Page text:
As you age, your senses change. Taste, touch, sound, smell, and sight can all diminish. The changes may be so slight you don’t notice them. Others find that it can be a little more noticeable and impact daily living.
You’ve noticed your dad doesn’t seem to hear as well as he used to. Your mom has a hard time reading the fine print on labels. Vision changes may make it hard for them to walk up and down the stairs when there’s dim lighting. They may not be able to drive anymore.
What causes these changes? If your parents are finding their five senses are changing, what should you do to help them?
Changes to Hearing
Older adults may experience age-related hearing loss. Often, the change impacts how well they hear sounds on a higher frequency or a constant ringing in the ears (tinnitus) may be to blame. Background noise at a family gathering or in a large crowd may drown out what others are saying.
If your parents are experiencing this, schedule an appointment with a specialist and have their hearing checked. Medications and ear wax build-up may be to blame. Those are easy to address. Otherwise, hearing aids may help them.
Changes to Sight
Vision diminishes as you age. Many find it’s hard to read the fine print by the time they reach 50. Magnifiers can help your parents read labels and documents with small print. Other causes of vision loss are linked to eye conditions like cataracts, glaucoma, or macular degeneration.
Make sure your parents are seeing their eye doctor for regular eye exams. If their eye health is changing, early detection is the key to helping them see. Glasses, surgical procedures, and medications may help.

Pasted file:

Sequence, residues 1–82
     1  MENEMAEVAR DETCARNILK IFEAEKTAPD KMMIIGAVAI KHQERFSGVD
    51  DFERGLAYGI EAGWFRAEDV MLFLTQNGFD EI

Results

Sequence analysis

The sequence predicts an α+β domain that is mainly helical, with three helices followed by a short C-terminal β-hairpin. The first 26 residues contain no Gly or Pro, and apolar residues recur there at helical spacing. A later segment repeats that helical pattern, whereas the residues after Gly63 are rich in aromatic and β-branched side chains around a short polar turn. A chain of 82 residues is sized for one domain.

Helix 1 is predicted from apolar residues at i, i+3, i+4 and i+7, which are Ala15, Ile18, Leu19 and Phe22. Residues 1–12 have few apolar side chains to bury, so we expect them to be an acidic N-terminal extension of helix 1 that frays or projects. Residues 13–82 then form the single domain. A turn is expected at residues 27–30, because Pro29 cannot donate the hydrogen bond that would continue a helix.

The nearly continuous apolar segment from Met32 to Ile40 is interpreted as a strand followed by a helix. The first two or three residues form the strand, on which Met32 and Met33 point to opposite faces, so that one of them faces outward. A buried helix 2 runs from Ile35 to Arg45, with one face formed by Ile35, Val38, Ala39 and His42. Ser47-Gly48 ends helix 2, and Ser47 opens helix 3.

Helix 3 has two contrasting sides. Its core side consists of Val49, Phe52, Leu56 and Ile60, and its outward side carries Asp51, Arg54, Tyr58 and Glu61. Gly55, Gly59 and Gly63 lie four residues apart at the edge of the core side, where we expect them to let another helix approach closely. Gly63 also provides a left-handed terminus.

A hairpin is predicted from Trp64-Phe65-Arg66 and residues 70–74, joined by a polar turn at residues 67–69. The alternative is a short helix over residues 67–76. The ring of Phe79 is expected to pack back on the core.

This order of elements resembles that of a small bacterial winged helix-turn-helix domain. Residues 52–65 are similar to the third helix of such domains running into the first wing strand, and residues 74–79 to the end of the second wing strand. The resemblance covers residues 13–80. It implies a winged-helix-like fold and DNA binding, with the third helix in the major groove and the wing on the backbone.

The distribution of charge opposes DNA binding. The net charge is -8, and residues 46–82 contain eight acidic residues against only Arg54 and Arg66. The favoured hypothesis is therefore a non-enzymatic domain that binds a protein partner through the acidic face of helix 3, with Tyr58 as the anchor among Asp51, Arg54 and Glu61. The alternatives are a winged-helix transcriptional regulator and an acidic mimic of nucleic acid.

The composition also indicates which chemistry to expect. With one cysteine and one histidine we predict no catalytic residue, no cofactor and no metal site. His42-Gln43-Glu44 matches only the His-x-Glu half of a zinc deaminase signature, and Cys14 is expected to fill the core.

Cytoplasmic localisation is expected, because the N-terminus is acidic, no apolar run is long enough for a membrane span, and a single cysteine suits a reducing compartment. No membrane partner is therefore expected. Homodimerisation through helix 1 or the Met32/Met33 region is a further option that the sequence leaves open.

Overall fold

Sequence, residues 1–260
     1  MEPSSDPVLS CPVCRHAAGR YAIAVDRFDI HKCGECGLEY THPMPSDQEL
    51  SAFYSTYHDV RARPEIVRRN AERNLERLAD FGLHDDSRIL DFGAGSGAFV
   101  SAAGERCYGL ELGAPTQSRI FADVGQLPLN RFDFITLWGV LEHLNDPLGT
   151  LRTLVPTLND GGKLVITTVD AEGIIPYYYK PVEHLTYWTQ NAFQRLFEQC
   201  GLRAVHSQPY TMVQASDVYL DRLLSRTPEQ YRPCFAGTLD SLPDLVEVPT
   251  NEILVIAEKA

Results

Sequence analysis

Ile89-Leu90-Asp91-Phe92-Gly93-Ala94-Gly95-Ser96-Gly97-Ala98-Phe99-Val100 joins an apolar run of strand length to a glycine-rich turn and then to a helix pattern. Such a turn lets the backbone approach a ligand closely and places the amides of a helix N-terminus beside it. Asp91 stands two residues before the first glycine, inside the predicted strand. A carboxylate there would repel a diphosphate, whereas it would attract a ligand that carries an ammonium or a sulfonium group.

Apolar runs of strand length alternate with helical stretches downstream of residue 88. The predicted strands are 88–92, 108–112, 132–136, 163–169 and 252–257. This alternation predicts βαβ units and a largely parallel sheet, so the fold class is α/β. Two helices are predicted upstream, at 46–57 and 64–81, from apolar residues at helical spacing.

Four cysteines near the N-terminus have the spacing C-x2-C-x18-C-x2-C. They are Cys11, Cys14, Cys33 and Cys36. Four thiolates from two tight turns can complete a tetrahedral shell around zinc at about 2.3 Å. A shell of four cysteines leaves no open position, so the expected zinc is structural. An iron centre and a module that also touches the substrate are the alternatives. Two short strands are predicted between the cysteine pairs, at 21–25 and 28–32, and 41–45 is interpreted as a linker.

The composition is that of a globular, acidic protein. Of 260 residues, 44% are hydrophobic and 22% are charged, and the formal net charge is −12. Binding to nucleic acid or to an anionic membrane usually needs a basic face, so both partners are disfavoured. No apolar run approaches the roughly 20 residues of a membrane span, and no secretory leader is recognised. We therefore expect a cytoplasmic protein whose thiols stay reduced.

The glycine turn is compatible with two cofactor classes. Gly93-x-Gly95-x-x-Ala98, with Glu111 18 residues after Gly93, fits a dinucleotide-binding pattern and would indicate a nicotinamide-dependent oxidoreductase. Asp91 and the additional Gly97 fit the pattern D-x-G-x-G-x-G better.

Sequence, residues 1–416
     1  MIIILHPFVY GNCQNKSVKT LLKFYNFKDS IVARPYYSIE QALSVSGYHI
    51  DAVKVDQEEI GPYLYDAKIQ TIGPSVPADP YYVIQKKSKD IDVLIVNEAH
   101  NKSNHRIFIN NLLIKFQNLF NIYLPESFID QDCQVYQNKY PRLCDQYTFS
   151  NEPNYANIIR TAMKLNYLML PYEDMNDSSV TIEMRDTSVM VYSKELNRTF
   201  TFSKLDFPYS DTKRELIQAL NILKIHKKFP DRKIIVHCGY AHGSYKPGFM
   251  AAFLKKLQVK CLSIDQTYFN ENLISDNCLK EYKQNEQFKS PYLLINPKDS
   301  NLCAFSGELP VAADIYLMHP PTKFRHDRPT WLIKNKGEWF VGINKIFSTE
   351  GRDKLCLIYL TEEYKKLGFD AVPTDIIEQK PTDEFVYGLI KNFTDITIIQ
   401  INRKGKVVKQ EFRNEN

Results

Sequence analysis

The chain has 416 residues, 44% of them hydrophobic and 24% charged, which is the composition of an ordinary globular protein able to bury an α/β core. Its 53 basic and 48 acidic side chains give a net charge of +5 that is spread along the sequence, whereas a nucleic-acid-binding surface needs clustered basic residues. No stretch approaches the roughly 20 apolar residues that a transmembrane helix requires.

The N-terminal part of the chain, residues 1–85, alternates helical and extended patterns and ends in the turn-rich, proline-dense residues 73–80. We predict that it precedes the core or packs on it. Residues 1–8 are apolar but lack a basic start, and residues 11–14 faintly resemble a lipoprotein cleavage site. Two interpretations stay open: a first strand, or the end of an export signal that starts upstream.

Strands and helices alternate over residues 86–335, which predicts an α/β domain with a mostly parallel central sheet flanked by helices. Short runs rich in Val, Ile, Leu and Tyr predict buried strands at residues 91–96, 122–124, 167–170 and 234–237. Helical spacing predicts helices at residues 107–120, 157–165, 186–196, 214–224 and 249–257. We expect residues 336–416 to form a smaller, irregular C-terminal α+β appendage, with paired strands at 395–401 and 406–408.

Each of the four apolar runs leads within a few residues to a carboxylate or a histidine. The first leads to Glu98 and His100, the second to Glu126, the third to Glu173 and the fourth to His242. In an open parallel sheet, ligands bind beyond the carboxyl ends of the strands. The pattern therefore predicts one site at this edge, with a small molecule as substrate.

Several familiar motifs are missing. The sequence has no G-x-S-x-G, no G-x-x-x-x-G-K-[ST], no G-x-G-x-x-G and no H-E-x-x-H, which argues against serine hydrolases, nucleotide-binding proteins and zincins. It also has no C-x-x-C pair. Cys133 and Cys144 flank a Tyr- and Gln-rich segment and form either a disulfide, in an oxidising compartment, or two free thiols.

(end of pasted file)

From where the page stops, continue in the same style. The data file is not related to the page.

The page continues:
Changes to Smell and Taste
Smell and taste go hand in hand. Taste buds don’t regenerate as quickly as you age. The sense of smell can be impacted by years of smoking. After the age of 70, it’s normal to lose some of the nerve function that helps with smell.
Medication side effects, oral health issues, and viruses like COVID-19 also impact taste and smell. There may not be much you can do to stop your parents from experiencing worsening smell and taste. Try talking to their doctor about different medications or use sharper flavors like fresh herbs and citrus juice to flavor the foods they eat.
Changes to Touch
If your parents find things don’t feel the same or that it’s harder to feel vibrations or a sense of hot or cold, talk to their doctor. Some chronic health conditions, such as diabetes, can change sensations of pain. Numb, tingly extremities may be a sign of decreased blood flow.
When the senses change because of medications or health issues, get your parents lined up with help from caregivers. Caregivers can help them schedule medical appointments. They can make sure your parents are doing what the doctors recommend and that they take prescriptions on time.
If you or an aging loved-one are considering a Caregiver in Cary, NC please contact the caring staff at Affordable Family Care. Serving Raleigh, Greensboro, and the surrounding areas in North Carolina. Call today 919-676-1070.